Written by Chris Stapleton and Mike Henderson
“Starting Over” is an appropriate title, given that Chris Stapleton hasn’t released a proper studio album in three years and that his last single, “Millionaire,” peaked in March of last year.
But Stapleton is also the perfect embodiment of the disconnect between country fans who still rely on country radio for new recommendations and those who don’t – an album artist whose single choices have ranged from tolerable to downright absurd (his last lead single, “Either Way,” for instance), and rarely reflect his actual best material.
Which, basically, is where I’m at with new single, “Starting Over.” Given the teaser video Stapleton posted on social media that hinted at gnarlier blues-rock textures and an overall darker sound – which I wouldn’t have minded, for the record – what we actually get here isn’t bad, so much as it is fine and underwhelming.
Here’s the thing, too: I’d argue Stapleton’s more subdued cuts require a greater vocal effort than his electric-driven southern-rock tunes, which can support themselves well enough as they are with firm basslines and hints of harmonica. His other cuts have certainly brought the pure firepower and heft to the table, but they’ve largely reflected how Stapleton has only picked up hints of subtlety with time and experience.
That’s a benefit to this particular record, and having wife Morgane on backing vocal duties is always a plus, too. But while the sparse mix of acoustics, organ and the sneakily supportive bassline sound bright and chipper to suit the content, the tones also feel too brittle to render themselves memorable. I’m not sure if a lack of instrumental diversity is an issue or if I’m heavily nitpicking what is only supposed to be a lighthearted tune, but there’s something empty about this record, even if it often sounds nice in the moment.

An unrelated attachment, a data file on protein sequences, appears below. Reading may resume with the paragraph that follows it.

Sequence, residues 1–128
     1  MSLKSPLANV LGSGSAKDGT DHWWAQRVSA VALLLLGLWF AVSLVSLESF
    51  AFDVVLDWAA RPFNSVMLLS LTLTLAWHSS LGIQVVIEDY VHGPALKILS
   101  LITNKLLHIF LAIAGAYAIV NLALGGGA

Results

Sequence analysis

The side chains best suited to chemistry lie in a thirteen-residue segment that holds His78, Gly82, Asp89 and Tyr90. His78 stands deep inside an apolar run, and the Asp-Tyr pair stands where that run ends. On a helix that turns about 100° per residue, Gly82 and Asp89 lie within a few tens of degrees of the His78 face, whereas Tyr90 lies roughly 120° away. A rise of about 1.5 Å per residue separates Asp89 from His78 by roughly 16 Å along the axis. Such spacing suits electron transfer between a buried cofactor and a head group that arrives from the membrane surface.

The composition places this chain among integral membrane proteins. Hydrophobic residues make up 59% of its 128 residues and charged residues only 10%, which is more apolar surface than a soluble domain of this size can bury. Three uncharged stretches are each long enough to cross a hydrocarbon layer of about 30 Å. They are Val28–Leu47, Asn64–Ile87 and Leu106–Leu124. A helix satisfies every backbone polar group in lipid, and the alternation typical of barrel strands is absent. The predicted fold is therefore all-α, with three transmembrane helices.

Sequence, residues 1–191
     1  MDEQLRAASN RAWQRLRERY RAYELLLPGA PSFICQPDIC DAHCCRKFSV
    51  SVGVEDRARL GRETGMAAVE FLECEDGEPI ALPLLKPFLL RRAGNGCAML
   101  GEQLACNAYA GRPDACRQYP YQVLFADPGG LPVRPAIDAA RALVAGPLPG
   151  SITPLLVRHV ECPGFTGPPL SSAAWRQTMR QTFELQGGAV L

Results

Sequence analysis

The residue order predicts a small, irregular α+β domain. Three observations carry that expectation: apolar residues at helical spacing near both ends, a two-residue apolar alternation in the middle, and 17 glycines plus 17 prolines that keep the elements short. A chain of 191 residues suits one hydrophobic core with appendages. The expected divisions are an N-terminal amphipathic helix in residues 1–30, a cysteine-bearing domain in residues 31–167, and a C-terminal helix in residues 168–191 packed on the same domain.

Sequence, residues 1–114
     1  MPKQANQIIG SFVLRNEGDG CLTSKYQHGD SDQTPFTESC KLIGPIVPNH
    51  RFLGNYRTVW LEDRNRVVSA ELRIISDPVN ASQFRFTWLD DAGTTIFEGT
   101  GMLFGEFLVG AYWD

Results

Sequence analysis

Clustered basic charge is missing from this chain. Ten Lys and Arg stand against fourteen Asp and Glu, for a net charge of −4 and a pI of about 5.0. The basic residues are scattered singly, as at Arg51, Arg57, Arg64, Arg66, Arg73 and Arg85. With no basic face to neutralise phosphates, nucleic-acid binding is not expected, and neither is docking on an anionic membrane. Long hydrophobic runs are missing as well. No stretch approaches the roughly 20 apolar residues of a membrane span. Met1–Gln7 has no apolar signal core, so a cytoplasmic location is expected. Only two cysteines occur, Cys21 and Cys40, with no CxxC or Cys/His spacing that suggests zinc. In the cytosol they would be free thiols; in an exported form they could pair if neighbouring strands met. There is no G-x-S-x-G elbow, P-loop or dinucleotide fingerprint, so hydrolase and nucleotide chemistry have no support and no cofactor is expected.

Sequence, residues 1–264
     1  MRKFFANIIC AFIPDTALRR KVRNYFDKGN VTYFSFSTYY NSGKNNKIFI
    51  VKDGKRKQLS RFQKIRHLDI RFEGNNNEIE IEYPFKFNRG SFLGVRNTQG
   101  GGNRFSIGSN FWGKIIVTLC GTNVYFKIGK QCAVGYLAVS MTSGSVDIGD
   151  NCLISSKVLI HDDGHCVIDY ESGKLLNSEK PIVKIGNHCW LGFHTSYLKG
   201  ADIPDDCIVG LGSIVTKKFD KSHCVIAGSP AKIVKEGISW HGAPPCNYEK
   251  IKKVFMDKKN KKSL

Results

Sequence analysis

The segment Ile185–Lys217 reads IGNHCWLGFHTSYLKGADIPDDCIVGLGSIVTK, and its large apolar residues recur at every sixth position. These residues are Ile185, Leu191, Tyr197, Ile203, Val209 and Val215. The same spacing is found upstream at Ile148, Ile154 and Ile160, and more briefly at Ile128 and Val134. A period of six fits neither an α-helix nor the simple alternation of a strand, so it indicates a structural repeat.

Of course, that’s a note on the content, too, where the theme of “starting over” certainly sounds great, if familiar – what with this year and all – but often leans on generic platitudes in the actual framing and progression. And when Morgane is already right there on the record, why not offer her a verse to better shape the circumstances? As it is, it’s very one-dimensional in framing it as the narrator’s choice to leave and force his significant other to skip town with him. There’s effectively simple, but this isn’t clearing that bar.
I like “Either Way”.
I enjoy this single. It’s bright and and uncluttered and I think that even though it’s acoustic, it’s muscular enough to still sound strong.
Oh, I like “Either Way” as well (though I prefer Lee Ann Womack’s version), I just meant it was a weird single choice for country radio.